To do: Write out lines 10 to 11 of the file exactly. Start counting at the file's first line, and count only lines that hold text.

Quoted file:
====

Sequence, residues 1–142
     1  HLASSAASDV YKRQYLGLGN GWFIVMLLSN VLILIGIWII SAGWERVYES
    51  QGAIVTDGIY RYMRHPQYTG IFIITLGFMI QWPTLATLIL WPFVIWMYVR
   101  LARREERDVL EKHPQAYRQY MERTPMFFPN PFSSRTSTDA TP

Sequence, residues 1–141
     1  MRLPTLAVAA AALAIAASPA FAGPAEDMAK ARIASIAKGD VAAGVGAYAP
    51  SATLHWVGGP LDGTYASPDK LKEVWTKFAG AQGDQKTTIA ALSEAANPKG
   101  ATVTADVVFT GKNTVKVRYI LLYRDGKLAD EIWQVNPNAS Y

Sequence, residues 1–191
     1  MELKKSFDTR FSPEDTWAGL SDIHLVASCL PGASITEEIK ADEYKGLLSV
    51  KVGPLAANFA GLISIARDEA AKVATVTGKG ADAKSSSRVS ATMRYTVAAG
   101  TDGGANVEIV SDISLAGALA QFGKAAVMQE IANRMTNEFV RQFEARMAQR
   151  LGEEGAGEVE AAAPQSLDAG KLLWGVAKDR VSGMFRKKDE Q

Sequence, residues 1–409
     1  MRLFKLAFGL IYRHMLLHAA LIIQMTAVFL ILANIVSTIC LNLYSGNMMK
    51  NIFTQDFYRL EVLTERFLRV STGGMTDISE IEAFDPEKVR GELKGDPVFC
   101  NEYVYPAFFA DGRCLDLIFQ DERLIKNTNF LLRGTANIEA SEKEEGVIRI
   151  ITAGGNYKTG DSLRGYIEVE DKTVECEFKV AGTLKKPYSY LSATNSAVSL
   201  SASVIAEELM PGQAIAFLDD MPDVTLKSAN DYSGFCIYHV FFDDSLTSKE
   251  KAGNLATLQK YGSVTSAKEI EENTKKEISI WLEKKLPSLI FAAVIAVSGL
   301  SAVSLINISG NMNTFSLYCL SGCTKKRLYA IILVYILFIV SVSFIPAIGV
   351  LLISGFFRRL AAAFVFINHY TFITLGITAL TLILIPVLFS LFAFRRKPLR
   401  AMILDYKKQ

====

     1  MELKKSFDTR FSPEDTWAGL SDIHLVASCL PGASITEEIK ADEYKGLLSV
    51  KVGPLAANFA GLISIARDEA AKVATVTGKG ADAKSSSRVS ATMRYTVAAG